Beavers are found in streams, rivers, marshes and small lakes throughout most of North America, Northern Mexico and western Canada. At up to 60 pounds, they are the largest rodents in their range.
The life of an American beaver
The beaver's body is wonderfully adapted for swimming in cold water. The top layer of its fur is waterproof, and its undercoat traps air and keeps its skin warm. Its back feet are webbed for swimming, and its tail provides steering and power. While it swims, a transparent membrane covers the beaver's eyes, and valves in its nostrils and ears keep the water out.
Beavers build dams of wood, grass, and mud to slow down the flow of water in streams and rivers. The dam creates an area of still water where they can build a lodge. Essentially a pile of mud and sticks, the lodge has an inner chamber that rises above the surface of the water. It has at least 2 underwater entrances.
Beavers are often monogamous and live in family groups of six or more, including parents, yearlings and kits. This group is called a colony. Both parents provide food for their offspring and protect them from predators. Adolescents live with their parents for up to 2 years, helping with infant care, food collection, and dam building.
The female has her first litter at about 3 years of age. After a gestation of 130 days, she gives birth to a litter of 2-4 babies, called kits. The kits weigh from ½ to 1 ½ pounds at birth and are born fully furred, with their eyes open. They can swim within 24 hours. After several days, the kits can dive out of the lodge with their parents to explore the surrounding area. They stay with their parents until the spring of their second year. Beavers live up to 24 years in the wild.
Mountain beavers (Aplodontia rufa), pictured right, are not really beavers, but they do gnaw bark and cut off limbs like beavers do. They are native to the Pacific Northwest and the Cascade Range and live in moist forests, rather than in the water. They are smaller than American beavers and don't have tails.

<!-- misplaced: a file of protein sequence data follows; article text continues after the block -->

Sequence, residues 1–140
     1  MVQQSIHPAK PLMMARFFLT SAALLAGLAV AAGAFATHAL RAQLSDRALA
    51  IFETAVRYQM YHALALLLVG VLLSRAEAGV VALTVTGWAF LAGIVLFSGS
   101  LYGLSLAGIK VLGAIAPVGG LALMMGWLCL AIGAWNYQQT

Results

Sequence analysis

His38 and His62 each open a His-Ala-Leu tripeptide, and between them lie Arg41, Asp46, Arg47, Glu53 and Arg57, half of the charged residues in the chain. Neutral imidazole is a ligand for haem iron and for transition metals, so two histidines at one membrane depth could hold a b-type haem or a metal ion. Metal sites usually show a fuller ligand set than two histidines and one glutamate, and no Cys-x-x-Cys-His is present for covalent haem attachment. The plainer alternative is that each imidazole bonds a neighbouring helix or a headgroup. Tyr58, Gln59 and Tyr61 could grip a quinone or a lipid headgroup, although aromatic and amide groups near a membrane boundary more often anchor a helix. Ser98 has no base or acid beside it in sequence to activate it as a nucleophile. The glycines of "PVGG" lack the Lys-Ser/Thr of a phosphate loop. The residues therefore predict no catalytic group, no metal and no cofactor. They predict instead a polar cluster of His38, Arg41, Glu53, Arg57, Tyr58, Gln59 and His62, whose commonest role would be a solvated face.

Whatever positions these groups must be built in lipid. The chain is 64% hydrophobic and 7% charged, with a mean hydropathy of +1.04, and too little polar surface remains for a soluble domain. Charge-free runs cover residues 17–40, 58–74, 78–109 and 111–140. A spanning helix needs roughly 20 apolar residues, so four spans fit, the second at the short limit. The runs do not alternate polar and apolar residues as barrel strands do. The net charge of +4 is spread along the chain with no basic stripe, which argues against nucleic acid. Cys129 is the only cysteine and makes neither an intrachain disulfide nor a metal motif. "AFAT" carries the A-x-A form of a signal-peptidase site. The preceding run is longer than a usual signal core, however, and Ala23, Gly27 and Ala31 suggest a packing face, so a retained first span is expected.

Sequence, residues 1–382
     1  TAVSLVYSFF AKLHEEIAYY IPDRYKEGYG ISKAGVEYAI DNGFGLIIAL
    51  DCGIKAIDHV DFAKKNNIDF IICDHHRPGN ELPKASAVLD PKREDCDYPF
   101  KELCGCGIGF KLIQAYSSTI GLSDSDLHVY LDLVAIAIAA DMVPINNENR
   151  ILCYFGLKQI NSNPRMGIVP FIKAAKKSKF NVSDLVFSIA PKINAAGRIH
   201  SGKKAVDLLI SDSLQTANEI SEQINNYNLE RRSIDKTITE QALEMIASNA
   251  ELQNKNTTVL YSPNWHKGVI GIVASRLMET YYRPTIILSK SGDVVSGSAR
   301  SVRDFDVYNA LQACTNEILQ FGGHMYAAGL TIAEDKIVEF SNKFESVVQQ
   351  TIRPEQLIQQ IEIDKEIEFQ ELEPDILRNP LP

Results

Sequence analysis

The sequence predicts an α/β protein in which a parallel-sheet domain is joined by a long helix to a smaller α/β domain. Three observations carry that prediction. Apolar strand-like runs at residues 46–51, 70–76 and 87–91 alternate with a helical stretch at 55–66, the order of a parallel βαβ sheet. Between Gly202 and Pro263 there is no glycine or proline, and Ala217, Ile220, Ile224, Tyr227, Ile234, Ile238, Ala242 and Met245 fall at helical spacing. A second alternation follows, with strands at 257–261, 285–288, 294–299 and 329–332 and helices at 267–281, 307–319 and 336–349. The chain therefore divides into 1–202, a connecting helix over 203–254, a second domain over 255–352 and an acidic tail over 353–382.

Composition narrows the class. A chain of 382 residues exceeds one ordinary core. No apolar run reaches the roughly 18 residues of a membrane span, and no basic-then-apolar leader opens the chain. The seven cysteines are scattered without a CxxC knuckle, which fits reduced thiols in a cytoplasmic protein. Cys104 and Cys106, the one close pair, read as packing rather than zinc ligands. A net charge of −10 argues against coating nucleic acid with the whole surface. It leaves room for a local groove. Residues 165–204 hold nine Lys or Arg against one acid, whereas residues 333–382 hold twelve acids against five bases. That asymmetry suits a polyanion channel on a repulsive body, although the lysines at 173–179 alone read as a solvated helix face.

American beaver conservation
In the 19th century, American beavers were hunted and trapped for their fur; by about 1900, they were almost gone from many of their original habitats. Pollution and habitat loss also affected their survival. In the last 100 years, thanks to re-establishment programs and hunting regulations, beavers have made a very successful comeback. They are now listed as of Least Concern by the International Union of Conservation of Nature (IUCN). Ongoing threats to beavers include habitat destruction, water pollution and hydroelectric dams.
How you can help the American beaver
Beavers are among the many species that call the greater Portland region home. As a site steward, you can help keep their habitat healthy by volunteering to monitor wildlife, clear invasive species or plant native shrubs. Learn more.
American beavers at the Oregon Zoo
The Zoo's beavers live in the Cascade Stream and Pond habitat. To make their environment as much like the wild as possible, keepers anchor branches to the beach or clamp the branches upright for them to chew. The beavers fell them by gnawing on them at their base. To help keep their teeth safely worn down, the beavers are fed rodent chow, monkey chow, carrots, apples, yams and a large variety of fresh browse consisting of leafy tree branches and bark covered logs.